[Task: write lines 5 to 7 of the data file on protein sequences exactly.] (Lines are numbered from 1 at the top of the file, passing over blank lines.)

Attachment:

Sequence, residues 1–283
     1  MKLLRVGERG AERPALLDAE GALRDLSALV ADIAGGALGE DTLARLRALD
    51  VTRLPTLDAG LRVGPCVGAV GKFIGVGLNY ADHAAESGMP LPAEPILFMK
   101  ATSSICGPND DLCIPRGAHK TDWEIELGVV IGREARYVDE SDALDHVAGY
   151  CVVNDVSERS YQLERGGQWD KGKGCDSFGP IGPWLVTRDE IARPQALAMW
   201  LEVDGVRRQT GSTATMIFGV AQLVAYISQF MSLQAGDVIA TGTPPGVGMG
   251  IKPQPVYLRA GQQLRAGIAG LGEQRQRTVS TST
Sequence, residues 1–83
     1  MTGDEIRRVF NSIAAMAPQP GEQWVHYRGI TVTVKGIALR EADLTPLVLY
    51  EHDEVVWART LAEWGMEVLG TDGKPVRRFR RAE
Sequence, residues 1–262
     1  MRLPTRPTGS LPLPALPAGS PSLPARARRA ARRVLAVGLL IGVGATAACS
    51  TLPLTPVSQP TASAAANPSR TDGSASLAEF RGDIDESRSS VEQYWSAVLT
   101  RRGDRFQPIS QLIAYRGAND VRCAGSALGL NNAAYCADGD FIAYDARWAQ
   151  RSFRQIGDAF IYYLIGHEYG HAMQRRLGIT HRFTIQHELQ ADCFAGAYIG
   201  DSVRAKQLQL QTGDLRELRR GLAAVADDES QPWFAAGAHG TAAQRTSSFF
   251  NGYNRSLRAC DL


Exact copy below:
   151  CVVNDVSERS YQLERGGQWD KGKGCDSFGP IGPWLVTRDE IARPQALAMW
   201  LEVDGVRRQT GSTATMIFGV AQLVAYISQF MSLQAGDVIA TGTPPGVGMG
   251  IKPQPVYLRA GQQLRAGIAG LGEQRQRTVS TST